Brian is today’s barista at the coffee shop. It’s his birthday. We chatted and laughed about that and the less than significant impact a birthday has on us. Neither of us are big about ages or birthdays. He’d splurged on himself, bought a new iPhone, two weeks ago, after saving for it for months. Two days later, his car stopped running correctly and made death noises. He took it to a mechanic. Major work needed, emptying his cash. He was living day to day. Today is pay day but since it’s Sunday, he doesn’t get paid until tomorrow. Can I loan or give him something? No, but thanks.

Then – I heard about Lucy. I’d been writing like crazy. Dressed in casual hiking gear, of the sort favored for a few miles with friends, nothing strenuous, the five women spoke with lively volume at the next table. I heard references to east coast rowing, crime rates, and new stores. They reminded me of my wife and her friends, discussing well known subjects that needed little explanation, building on things said in past meetings.

“I have to go,” one said. They rose, talking louder, and one said, “I have to check on Lucy and see if she’s still alive.”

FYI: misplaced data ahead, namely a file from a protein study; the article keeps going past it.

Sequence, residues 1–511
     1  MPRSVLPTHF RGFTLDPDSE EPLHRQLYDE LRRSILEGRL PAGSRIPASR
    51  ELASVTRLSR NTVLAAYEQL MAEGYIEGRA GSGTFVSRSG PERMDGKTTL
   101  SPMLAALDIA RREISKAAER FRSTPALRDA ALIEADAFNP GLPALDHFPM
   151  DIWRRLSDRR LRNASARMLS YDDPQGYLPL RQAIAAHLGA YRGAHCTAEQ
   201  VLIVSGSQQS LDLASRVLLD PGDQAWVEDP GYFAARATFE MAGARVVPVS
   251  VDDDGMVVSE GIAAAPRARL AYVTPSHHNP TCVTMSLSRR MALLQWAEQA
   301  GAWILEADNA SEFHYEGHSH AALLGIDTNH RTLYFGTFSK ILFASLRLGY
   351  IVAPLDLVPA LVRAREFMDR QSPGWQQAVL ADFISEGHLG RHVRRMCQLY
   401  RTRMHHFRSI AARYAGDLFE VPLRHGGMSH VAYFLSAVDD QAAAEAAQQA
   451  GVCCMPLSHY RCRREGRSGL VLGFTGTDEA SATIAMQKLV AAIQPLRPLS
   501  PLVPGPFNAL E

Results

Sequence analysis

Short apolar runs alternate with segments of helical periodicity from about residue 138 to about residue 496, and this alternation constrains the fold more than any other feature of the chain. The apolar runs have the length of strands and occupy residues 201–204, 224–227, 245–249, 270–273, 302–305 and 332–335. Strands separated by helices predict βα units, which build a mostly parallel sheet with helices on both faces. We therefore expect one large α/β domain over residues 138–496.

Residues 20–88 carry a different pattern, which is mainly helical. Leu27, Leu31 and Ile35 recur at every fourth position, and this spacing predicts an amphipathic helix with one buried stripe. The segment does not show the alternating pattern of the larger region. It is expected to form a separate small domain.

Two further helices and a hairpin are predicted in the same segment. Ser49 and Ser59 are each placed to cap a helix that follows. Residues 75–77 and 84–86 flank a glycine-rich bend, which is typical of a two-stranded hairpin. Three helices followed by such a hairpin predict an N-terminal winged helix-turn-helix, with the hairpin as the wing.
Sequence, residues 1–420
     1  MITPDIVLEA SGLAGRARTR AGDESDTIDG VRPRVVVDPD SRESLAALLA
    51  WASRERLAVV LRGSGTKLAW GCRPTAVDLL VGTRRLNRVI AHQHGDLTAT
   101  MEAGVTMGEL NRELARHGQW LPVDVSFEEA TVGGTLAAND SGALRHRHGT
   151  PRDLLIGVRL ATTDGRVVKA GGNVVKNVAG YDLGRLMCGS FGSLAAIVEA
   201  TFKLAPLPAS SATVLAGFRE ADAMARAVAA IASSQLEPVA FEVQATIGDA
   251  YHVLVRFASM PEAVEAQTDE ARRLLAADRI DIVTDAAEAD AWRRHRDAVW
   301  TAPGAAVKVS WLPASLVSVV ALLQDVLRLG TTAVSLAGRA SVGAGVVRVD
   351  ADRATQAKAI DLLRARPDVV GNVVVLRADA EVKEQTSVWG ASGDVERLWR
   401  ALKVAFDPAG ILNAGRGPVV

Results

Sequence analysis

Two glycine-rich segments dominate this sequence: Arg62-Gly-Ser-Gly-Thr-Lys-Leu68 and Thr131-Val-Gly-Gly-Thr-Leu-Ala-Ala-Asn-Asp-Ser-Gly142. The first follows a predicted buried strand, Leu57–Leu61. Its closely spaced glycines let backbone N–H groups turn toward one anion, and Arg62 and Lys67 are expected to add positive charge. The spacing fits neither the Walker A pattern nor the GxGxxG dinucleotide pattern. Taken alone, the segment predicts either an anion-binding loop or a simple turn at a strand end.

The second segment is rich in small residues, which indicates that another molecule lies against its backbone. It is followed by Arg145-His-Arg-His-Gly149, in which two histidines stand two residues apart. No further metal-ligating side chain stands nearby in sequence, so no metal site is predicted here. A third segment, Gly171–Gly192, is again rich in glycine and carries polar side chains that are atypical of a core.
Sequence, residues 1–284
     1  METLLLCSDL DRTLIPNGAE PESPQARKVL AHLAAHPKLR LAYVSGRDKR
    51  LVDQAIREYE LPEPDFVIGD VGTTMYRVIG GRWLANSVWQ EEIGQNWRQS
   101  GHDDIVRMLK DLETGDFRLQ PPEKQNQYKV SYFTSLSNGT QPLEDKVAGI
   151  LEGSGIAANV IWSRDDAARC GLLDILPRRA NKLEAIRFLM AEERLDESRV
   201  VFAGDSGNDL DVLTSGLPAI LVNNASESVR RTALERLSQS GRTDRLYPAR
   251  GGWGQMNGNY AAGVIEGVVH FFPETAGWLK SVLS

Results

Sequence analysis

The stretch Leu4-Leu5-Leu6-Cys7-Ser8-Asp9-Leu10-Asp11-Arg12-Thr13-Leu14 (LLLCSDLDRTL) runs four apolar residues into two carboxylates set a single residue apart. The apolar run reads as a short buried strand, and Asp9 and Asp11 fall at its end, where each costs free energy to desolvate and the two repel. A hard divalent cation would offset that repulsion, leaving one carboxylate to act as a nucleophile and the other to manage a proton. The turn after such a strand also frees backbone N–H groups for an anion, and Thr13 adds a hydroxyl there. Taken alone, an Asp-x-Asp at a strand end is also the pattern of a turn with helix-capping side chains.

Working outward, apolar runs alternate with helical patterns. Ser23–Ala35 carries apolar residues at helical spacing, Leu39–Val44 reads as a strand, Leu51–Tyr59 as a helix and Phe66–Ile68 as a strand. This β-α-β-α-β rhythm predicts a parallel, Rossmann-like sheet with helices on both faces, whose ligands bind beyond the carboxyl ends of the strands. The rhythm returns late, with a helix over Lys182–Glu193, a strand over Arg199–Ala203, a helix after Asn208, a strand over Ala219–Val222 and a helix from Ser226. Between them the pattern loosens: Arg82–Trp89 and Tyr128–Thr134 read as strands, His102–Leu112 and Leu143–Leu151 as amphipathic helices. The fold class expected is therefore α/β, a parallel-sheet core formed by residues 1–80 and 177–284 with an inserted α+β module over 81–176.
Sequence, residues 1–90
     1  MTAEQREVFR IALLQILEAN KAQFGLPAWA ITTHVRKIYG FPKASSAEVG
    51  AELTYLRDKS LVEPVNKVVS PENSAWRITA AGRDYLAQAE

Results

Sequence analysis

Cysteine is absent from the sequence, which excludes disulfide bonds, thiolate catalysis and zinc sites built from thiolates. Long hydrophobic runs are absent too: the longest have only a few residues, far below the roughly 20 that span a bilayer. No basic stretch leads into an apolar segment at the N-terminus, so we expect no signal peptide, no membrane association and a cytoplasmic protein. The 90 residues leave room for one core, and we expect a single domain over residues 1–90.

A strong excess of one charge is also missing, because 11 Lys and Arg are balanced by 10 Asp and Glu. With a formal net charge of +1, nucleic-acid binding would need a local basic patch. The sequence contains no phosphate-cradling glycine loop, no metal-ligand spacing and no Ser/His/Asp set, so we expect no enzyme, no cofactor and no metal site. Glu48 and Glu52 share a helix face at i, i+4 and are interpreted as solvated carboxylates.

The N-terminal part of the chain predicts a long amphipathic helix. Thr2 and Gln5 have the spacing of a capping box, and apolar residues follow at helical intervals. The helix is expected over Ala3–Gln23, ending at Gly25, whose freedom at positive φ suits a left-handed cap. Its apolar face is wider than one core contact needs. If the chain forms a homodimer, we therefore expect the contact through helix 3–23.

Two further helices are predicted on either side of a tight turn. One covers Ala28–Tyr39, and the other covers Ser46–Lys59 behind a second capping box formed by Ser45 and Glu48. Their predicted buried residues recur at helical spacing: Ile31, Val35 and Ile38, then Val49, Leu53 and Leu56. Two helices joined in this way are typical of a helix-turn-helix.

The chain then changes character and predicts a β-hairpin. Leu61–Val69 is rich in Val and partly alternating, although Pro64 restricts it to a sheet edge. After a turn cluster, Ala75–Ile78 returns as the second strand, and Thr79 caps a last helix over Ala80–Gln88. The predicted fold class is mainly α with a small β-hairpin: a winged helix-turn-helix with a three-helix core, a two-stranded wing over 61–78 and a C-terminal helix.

Lucy had gone into the garage and eaten four bars of rat poison yesterday. “Oh, no,” everyone said with shocked gasps. “Fortunately Ron went into the garage, saw some rat poison was missing, figured it was Lucy, so we rushed her to the hospital out by the airport. We couldn’t take the chance.”  As all agreed, “No,” she said, “They pumped her stomach and sure enough, she’d eaten all four bars.”

“No,” they said, “is she all right?”

“It takes two days to affect her so fortunately we found her and had her stomach pumped, otherwise it would have been Monday and she would have been in the air, which would have been terrible.”

Yes. I figured Lucy for an animal, a dog, perhaps. They left. Decibels in the coffee shop fell by half. I took a little writing break to write this note, amusing myself as I paused to consider the novel, the progress, my day, and my life, and sent Lucy a little positive energy.

 

Time to return to writing like crazy, where things are climaxing.

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Rosy Cole
This 'writing like crazy' stuff is configuring whole new (entertaining for your readers) perspectives in time and space ... Read More
Monday, 26 January 2015 11:08